Convoy, a digital freight firm, has raised $260 million in new funding, bringing the value of the Seattle-based company to $3.8 billion, according to a Thursday (April 21) press release.
“This new funding will enable Convoy to accelerate the development of its efficiency-focused technologies in response to surging customer demand within the nation’s $800 billion trucking industry,” the release stated.
The capital came in the form of a $160 million Series E preferred equity and a $100 million venture-debt investment from Hercules Capital, according to the release. The Series E was led by Baillie Gifford, with funds and accounts advised by T. Rowe Price Associates, along with several new and returning investors.
Convoy also secured a $150 million line of credit from J.P. Morgan, the release stated.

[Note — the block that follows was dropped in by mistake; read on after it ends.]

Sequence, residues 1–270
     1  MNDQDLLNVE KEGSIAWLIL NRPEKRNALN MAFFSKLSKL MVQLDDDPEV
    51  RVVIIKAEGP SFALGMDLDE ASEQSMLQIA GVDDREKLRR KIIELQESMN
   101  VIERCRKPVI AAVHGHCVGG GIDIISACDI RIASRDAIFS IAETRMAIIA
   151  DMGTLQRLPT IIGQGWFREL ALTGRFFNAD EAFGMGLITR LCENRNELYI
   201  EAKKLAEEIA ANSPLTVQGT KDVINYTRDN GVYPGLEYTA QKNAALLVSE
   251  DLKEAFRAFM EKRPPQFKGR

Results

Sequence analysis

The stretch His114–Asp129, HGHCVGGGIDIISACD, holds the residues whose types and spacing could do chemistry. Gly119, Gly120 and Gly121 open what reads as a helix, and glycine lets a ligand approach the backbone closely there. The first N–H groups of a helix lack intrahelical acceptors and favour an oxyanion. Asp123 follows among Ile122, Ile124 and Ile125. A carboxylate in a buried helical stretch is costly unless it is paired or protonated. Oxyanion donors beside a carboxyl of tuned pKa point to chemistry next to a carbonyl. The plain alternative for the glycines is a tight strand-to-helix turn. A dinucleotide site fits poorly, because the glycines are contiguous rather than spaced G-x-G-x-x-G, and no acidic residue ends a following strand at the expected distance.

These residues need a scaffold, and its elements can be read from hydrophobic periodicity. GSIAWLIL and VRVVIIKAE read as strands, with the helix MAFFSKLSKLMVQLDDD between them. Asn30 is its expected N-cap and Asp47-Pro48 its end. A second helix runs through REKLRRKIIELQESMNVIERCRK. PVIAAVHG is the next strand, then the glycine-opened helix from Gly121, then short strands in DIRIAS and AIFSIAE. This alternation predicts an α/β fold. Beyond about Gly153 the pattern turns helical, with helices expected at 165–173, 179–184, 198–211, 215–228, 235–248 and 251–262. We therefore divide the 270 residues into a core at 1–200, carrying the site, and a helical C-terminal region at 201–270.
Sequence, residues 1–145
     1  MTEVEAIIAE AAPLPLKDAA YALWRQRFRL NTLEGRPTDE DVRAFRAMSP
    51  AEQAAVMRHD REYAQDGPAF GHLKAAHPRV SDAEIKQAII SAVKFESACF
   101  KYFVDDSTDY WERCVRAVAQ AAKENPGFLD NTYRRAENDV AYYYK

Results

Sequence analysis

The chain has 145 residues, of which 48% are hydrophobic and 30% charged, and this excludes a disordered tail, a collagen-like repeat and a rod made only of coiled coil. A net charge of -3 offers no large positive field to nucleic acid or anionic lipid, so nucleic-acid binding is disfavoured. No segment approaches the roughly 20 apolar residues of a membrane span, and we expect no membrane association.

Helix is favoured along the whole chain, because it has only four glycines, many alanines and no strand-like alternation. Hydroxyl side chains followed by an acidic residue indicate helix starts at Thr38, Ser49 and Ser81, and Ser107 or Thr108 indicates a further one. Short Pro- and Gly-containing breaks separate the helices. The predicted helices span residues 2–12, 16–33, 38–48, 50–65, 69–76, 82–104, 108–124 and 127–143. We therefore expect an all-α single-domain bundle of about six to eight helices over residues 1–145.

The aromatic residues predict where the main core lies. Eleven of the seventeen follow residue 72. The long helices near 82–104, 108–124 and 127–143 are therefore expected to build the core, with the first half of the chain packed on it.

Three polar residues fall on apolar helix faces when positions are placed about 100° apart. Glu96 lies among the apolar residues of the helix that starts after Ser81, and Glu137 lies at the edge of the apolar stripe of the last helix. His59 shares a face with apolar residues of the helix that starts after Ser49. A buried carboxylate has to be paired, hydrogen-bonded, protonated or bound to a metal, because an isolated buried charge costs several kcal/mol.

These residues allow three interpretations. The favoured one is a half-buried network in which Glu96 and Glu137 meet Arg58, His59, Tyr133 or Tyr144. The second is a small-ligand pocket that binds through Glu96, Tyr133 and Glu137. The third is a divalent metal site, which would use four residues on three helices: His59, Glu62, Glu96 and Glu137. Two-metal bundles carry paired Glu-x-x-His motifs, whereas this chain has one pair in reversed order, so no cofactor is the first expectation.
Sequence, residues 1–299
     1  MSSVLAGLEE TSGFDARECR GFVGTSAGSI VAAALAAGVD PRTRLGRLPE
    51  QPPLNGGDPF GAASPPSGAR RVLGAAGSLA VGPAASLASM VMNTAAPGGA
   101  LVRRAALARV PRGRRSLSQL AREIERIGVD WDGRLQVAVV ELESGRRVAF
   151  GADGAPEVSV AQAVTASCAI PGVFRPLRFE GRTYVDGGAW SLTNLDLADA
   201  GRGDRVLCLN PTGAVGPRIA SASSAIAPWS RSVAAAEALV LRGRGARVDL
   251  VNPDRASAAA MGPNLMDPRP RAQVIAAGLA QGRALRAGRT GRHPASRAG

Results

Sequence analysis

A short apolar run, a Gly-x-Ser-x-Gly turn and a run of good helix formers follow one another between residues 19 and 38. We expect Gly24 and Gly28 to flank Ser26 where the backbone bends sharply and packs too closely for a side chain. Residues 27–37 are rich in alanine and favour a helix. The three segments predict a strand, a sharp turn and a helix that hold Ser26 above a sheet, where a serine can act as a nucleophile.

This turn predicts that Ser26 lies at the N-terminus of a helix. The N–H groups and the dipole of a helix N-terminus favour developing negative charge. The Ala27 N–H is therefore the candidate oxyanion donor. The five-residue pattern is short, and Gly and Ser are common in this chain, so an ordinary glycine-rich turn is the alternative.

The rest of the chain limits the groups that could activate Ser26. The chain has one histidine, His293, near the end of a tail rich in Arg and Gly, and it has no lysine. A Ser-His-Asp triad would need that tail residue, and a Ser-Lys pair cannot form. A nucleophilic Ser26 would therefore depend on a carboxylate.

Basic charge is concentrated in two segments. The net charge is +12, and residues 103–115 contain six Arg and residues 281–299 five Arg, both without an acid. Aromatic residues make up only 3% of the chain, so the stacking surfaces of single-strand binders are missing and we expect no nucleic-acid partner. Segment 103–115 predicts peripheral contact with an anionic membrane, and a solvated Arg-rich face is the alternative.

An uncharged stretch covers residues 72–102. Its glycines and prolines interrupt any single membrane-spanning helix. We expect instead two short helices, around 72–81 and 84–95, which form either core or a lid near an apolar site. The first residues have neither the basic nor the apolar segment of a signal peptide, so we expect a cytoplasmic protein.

“Every day millions of truck drivers get in their cabs and do the work that keeps our economy moving while ensuring people get what they need,” said Convoy Co-Founder and CEO Dan Lewis in the release. “The pandemic highlighted how important trucking is and how volatile and inefficient this industry can be. We know that we can do better by using modern technology and algorithms to help orchestrate freight logistics, improve service, reduce waste and help drivers.”
Convoy’s platform applies machine learning models to more efficiently match carriers to loads and connects shippers and freight brokers to a national network of 400,000 trucks through its platform and smartphone app, according to the release.
PYMNTS spoke to Grant Goodale, Convoy’s co-founder and chief technology officer, in 2020 about the shift to digital freight.
Read more: Convoy CTO On Trucking’s Great Digital Shift
“A lot of what we’ve seen from our shippers is a recognition that the new normal may look different from the old normal,” Goodale said at the time, underlining the importance of cooperation to ease the pain of market volatility. “They’re looking for partnerships to try and figure out how to be flexible in the face of changing demand from their customers and changing capabilities and timelines of their suppliers.”